What the Massive Shift to 1-to-1 Computing Means for Schools, in Charts

The 1-to-1 computing landscape in K-12 schools expanded at a rate few could have imagined prior to the pandemic. It is not an exaggeration to say it was a massive shift.

An exclusive survey by the EdWeek Research Center shows that about two-thirds of district leaders recalled providing one school-issued digital learning device for every middle and high school student prior to the pandemic. About 40 percent said the same for elementary school kids.

But by March of 2021, 90 percent of district leaders surveyed said they were providing a device for every middle and high school student, and 84 percent said they were doing the same for elementary school students.

“The whole pandemic had been like a big proof of concept for 1-to-1 [computing],” Marlo Gaddis, the chief technology officer for the Wake County schools in North Carolina, told Education Week. “Now it’s taking all of those learnings and putting them into [practice]. I don’t think there’s a district in this country that could say they’ve done it perfectly.”

Over the past two years, the EdWeek Research Center has conducted monthly surveys to examine how schools were handling pandemic-era schooling, including tracking the expansion of 1-to-1 computing and other technological developments.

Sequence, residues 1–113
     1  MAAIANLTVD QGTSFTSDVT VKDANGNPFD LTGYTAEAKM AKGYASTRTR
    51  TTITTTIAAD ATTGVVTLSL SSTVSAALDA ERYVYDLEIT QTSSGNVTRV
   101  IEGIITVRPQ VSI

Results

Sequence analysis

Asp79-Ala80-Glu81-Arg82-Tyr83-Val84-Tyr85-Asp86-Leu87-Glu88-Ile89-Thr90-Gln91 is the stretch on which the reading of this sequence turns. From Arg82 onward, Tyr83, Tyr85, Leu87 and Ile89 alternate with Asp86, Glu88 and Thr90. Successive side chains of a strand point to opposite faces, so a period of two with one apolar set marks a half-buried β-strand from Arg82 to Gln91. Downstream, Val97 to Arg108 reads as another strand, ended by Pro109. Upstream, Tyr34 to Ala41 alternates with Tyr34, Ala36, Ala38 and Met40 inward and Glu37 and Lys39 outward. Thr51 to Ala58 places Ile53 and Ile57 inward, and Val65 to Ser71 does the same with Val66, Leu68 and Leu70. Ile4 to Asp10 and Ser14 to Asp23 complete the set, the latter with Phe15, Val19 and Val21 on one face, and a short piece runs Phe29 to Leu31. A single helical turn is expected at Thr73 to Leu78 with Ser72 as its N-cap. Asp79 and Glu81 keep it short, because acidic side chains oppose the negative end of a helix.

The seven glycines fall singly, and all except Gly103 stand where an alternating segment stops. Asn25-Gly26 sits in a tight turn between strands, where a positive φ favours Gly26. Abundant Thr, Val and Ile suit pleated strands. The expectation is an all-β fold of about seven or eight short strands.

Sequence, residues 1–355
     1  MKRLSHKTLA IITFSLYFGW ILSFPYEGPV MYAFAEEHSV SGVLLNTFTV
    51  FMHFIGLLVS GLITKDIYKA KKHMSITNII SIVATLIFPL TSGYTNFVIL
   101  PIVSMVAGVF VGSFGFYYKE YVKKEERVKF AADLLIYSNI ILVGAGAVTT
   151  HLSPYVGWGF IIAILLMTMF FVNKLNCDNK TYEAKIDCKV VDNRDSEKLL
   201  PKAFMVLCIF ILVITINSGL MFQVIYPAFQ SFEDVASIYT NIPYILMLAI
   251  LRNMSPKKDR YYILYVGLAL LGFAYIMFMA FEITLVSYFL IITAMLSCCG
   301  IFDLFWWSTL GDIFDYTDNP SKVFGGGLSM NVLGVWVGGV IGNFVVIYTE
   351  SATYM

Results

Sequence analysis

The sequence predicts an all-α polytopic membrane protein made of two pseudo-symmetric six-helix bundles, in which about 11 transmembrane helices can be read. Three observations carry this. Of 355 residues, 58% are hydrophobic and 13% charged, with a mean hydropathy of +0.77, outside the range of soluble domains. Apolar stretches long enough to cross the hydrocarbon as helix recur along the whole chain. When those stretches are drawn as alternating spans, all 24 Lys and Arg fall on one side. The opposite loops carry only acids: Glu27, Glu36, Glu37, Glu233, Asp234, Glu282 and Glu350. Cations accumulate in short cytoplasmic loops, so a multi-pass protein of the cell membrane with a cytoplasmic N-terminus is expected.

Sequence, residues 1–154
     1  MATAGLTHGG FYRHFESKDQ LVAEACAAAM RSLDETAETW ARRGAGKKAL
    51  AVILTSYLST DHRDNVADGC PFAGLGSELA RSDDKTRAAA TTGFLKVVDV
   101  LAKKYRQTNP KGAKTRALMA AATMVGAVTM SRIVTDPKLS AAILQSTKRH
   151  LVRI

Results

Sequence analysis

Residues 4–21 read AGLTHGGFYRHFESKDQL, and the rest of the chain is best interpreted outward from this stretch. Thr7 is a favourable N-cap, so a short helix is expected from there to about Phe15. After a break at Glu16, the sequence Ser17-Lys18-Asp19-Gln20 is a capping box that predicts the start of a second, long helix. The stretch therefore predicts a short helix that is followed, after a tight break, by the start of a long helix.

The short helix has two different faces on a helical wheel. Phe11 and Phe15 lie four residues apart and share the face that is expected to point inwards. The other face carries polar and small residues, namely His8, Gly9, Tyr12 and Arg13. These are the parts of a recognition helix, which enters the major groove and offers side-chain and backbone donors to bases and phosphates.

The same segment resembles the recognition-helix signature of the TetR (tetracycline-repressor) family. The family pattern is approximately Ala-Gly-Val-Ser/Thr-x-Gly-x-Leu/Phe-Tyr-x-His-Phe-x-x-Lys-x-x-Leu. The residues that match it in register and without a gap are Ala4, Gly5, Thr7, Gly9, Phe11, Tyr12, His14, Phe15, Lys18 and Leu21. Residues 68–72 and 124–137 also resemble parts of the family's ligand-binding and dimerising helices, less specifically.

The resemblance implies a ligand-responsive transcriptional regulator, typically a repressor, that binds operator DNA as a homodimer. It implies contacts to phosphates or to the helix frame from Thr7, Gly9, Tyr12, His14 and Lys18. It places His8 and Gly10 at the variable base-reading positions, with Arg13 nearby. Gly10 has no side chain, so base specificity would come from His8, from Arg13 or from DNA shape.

Those changes have opened the doors for more-effective use of digital learning tools and led to more widespread and sophisticated use of technology and learning management systems by teachers and students. But at the same time, they have prompted growing concerns about the effect of too much screen time on student learning and behavior, student and teacher tech fatigue, and the lack of reliable internet connectivity in students’ homes.

The following charts—beginning in August of 2019 and ending in February of 2022—provide a scan of how much things have changed over the past two years and the challenges those changes are creating for schools now.

1 to 1 computing

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